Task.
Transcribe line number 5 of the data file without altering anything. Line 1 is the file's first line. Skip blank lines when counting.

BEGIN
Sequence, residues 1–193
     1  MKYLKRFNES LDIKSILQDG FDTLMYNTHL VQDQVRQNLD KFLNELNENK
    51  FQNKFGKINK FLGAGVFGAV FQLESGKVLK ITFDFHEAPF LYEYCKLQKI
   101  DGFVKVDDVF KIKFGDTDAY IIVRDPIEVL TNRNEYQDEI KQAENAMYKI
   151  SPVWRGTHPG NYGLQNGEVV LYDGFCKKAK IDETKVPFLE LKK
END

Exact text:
   151  SPVWRGTHPG NYGLQNGEVV LYDGFCKKAK IDETKVPFLE LKK